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Pre-pandemic health care spending exceeded Oregon’s goal, says report

As officials and providers prepare for health spending caps, a new report shows what’s driving the cost increases that are hitting households hard
May 4, 2023

As lawmakers debate changes to a new state program intended to rein in the cost of health care, a report shows spending growth exceeded the program’s cap in the year before the pandemic hit.

According to the new report, spending on health care jumped 3.6% between 2018 and 2019, slightly over the state-set cap of 3.4%. Then, as the pandemic led to lockdowns and a decrease in visits to doctors for routine care, spending dropped 1.2% between 2019 and 2020.

The report noted that spending on health care amounted to 23% percent of all spending for Oregon households in 2020, and cited a national poll in which 38% of adults last year reported that money concerns led them to delay care.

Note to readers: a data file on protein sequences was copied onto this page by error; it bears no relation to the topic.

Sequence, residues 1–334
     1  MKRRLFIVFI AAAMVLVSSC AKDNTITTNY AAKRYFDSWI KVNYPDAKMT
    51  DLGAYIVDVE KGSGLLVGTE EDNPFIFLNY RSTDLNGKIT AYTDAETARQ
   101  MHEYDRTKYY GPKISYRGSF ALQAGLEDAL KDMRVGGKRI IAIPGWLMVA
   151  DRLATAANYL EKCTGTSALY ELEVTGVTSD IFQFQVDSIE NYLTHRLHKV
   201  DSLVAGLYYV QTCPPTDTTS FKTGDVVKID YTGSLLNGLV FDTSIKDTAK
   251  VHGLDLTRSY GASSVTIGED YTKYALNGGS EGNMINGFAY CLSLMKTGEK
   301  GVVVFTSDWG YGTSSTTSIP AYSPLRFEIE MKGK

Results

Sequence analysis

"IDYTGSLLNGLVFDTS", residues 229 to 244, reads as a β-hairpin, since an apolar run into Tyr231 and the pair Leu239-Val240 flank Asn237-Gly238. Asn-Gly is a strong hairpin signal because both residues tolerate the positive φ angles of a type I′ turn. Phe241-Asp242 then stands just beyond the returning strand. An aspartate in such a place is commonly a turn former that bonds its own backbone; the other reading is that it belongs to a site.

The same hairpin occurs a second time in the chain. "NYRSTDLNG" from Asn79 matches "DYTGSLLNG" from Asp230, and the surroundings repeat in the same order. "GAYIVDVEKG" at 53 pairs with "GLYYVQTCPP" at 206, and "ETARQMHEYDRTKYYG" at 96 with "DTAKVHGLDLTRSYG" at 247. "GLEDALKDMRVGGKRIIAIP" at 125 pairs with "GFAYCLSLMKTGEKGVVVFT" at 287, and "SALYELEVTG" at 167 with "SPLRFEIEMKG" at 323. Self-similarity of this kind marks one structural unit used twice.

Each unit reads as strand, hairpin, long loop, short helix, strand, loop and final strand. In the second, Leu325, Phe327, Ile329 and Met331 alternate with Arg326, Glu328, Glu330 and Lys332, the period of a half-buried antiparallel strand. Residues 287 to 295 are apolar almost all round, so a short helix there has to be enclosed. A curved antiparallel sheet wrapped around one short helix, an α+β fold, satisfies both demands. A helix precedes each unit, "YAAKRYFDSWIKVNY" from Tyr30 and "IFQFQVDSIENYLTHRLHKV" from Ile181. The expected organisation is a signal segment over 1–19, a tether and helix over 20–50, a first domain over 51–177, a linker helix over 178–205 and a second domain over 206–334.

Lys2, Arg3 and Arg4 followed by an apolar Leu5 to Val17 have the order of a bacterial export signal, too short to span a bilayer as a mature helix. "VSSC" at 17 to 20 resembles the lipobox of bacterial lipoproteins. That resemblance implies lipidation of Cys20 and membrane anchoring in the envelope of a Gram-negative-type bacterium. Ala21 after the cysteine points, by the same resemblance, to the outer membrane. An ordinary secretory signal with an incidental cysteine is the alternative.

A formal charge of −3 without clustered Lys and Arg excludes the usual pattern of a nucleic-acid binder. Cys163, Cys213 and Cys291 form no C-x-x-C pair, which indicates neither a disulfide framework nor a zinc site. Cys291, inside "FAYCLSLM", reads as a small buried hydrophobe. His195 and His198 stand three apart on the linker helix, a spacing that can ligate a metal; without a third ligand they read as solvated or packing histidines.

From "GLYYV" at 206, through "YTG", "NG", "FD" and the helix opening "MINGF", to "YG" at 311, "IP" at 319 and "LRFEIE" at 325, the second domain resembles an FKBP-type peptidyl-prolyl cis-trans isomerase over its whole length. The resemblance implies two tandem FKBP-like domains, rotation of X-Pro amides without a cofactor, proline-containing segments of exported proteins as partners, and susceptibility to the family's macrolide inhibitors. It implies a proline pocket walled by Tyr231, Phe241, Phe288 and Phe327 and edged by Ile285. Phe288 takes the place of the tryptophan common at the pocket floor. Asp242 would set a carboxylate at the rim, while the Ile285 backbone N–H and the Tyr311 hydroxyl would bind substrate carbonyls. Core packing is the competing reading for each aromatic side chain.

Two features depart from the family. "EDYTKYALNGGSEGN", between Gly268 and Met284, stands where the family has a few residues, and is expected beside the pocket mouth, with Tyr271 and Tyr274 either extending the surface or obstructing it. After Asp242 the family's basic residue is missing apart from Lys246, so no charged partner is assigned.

The 72-page report the Oregon Health Authority released Tuesday  provides additional context for the rollout of the program lawmakers adopted in 2019 to slow escalating health care costs. State health officials will begin holding providers accountable for meeting the 3.4%-per-year growth target next year and could impose penalties by 2029.

Lawmakers are debating possible changes to the program after the pandemic sparked sky-high increases in labor costs, with critics saying the changes in a bill now advancing in the Legislature would excessively weaken the program.

Households feel the pinch

The report highlights the strain of costly medical care to Oregonians while offering clues on stumbling blocks to meeting the target. 

Per-person health care spending in Oregon rose 3.6% from $8,239 in 2018 to $8,539 in 2019, according to the report. That number dropped 1.2% to $8,437 in 2020 as the coronavirus pandemic caused fewer people to seek care.

According to the report, spending on Medicare, a federal program for seniors, was the only category that met the state’s spending-growth target the year before the pandemic hit. Per-person Medicare spending increased 3.3% from 2018 to 2019 before decreasing 5% in the pandemic. Spending for the Medicaid-funded Oregon Health Plan, the state’s low-income health insurance program, increased 3.5% from 2018 to 2019 before decreasing 6.3% in 2020.